WELLINGTON, August 19, 2013 (AFP) – A new contamination scare hit New Zealand’s multi-billion dollar dairy industry on Monday after it was revealed a milk product with excessive nitrate levels had been exported to China.
Both New Zealand’s Ministry of Primary Industries (MPI) and the company at the centre of the latest scare, Westlake Milk, insisted the product called lactoferrin did not pose a safety risk.
But the timing could not be worse for the country’s dairy industry — which generates a quarter of New Zealand’s exports — as it struggles to recover from a botulism contamination crisis earlier this month.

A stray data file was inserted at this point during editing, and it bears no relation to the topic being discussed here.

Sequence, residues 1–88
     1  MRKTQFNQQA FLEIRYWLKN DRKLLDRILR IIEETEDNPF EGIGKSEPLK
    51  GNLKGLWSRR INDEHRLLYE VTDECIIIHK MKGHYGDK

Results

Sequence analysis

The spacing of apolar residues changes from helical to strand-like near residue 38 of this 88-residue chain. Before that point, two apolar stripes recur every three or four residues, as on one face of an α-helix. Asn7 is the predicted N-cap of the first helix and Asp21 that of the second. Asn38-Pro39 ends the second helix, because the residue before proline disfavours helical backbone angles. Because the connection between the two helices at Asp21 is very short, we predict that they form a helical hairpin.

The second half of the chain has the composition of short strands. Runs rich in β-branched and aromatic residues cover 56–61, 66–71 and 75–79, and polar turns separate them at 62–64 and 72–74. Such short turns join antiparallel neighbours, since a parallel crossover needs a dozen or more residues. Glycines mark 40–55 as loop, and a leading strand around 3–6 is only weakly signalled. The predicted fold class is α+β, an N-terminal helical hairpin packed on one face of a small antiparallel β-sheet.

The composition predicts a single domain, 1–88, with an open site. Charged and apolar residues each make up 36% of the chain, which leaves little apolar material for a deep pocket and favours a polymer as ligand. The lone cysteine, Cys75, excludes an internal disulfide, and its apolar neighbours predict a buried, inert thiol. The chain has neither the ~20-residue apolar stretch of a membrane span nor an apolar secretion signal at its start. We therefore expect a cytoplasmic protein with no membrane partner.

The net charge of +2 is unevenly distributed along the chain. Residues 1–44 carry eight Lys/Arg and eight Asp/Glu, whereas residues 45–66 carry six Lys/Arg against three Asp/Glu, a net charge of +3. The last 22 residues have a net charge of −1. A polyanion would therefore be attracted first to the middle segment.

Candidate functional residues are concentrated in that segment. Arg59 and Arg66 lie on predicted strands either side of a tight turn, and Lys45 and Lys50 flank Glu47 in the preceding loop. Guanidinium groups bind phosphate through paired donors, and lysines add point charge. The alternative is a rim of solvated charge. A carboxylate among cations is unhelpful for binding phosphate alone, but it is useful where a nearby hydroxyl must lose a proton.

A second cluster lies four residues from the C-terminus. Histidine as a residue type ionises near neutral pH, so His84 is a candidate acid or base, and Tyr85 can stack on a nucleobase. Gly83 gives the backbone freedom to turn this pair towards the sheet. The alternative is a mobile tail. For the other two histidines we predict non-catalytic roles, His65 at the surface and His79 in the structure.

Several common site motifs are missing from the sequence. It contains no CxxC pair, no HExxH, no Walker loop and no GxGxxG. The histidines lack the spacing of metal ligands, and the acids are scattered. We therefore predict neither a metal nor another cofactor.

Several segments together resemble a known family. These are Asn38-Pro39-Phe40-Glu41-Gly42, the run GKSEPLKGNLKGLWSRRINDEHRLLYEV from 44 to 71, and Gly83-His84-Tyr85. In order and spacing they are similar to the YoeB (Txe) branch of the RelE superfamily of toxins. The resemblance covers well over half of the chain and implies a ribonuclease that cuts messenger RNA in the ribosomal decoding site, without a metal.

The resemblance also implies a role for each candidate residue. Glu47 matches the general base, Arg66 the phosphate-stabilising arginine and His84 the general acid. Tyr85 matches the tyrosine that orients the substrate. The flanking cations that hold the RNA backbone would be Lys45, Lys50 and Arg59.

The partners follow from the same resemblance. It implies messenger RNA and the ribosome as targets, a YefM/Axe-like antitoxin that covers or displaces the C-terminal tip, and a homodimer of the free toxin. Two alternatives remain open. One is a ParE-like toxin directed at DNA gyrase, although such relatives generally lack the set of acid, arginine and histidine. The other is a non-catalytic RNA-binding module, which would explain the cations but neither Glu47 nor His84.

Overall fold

Westland said two batches of lactoferrin totalling 390kg (860 pounds) were exported to China despite showing nitrate levels of 610 and 2,198 parts per million — well above the New Zealand standard of 150 parts per million.
Chief executive Rod Quin said it appeared the contamination was an isolated incident caused when cleaning products were not properly flushed from a South Island processing plant before a new run of product was sent through.
“We immediately initiated a process to find and quarantine all of the product and it has been put on hold,” he said.
The government said that b